Tuesday, July 12, 2016

Reports show economic impact of national parks; White House report has state-level data

Great Smoky Mountains (summitpost.org photo)
More than 300 million visits were made to national parks in 2015—a record number—according to separate reports from The White House and researchers at two universities.

The White House report, released last month, said visits fueled local economies and supported "an estimated $646 billion national outdoor economy ... with visitors spending $16.9 billion in nearby local communities." The report listed each state's park visits and estimated visitor spending in local economies, jobs supported and state economic output supported.

The report said "activities associated with outdoor recreation, conservation, water and renewable energy led to $106 billion in economic output and supported 862,000 jobs. Additionally, the report found that America’s national parks, national wildlife refuges, national monuments and other public lands managed by the Department of the Interior hosted an estimated 443 million recreational visits in 2015—up from 423 million in 2014—and that these visits alone supported $45 billion in economic output and about 396,000 jobs nationwide."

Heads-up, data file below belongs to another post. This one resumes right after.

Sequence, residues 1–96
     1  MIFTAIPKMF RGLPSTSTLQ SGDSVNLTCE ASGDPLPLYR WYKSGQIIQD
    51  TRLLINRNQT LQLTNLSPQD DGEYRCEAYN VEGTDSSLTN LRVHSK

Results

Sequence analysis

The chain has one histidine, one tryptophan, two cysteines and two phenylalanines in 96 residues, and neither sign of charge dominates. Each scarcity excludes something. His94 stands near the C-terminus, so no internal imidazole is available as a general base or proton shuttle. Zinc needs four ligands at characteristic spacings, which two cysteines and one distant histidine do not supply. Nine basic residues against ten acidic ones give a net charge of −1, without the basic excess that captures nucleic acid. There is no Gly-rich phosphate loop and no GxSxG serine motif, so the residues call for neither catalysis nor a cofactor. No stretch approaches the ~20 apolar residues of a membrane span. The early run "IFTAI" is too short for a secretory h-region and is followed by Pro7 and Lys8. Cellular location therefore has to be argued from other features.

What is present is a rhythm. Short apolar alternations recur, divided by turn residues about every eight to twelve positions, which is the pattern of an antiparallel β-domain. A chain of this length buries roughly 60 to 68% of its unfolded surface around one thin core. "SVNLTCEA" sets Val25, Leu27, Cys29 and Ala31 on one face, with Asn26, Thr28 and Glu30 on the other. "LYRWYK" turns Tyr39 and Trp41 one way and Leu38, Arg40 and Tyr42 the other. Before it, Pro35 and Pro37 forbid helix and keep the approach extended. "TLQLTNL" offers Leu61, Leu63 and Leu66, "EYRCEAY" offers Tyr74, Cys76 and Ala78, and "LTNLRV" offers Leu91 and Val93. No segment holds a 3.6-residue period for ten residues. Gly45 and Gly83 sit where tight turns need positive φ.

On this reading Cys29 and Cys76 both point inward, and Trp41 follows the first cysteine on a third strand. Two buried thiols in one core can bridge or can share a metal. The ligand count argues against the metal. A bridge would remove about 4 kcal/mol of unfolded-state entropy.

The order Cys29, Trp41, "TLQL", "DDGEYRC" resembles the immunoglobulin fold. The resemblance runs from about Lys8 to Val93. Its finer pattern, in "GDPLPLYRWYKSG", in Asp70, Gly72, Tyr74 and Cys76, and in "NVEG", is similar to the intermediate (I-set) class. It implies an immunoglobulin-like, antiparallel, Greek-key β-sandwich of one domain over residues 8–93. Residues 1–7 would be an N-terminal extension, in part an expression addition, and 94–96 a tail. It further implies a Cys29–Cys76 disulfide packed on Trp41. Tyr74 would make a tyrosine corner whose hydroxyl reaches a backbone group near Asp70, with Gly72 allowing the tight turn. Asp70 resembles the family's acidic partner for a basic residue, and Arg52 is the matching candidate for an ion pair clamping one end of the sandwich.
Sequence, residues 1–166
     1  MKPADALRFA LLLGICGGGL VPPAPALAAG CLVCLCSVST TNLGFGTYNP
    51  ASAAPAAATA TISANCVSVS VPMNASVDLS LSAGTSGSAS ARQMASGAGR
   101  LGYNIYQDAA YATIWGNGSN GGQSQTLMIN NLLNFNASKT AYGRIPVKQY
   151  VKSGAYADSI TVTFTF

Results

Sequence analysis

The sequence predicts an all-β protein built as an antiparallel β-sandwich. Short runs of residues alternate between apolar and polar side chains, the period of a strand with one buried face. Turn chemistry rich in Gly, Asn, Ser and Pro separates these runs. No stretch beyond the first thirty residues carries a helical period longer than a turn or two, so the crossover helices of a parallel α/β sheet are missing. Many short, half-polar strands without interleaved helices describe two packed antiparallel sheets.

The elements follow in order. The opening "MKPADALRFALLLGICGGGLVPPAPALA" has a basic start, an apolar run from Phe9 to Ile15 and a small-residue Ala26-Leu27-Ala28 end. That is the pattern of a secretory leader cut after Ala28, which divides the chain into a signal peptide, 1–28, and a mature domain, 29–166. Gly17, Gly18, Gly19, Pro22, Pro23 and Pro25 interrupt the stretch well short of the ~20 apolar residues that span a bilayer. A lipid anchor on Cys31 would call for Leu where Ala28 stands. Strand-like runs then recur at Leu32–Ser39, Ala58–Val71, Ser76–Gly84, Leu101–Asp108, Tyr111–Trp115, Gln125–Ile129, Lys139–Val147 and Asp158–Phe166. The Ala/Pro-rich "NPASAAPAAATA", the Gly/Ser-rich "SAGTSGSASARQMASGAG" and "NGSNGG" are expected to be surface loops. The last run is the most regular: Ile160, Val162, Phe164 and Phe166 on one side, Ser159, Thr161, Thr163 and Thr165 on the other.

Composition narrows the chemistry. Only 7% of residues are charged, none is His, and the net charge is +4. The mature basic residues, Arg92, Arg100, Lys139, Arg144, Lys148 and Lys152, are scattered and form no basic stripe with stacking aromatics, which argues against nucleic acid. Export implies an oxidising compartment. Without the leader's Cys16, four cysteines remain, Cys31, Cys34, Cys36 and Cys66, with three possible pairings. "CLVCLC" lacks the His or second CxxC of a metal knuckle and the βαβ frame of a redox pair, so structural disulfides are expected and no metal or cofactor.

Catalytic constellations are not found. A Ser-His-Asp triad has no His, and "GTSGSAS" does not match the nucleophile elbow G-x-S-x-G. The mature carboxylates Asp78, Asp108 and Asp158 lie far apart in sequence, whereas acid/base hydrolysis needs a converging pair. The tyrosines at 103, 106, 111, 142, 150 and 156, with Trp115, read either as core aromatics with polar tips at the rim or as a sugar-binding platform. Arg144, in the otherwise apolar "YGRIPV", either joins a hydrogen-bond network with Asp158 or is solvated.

study by Colorado State University and the Kennedy School of Government at Harvard University found that the total economic value of national parks and the National Park Service’s programs is $92 billion, Doug Gavel reports for the Kennedy School. Researchers, said that figure is a conservative estimate, and "two-thirds of this total ($62 billion) is for National Park lands, waters and historic sites; the remaining $30 billion is attributed to NPS programs."

"When citizens were asked if 'It is important to me that National Parks are preserved for current and future generations whether I visit them or not',” 94.9 percent of respondents agreed," John Wihbey reports for Journalist's Resource, also at Harvard. "Only 14.7 percent of respondents indicated that they do not benefit from national parks, and 6.2 percent thought the U.S. should sell off some national parks." Researchers also found that "the annual budget to run the NPS was $2.6 billion in 2014. However, there was a reported backlog of deferred maintenance costs of about $11.9 billion as of February 2016, and revenue shortfalls reportedly are driving the park system to partner more with private companies to fund repairs."

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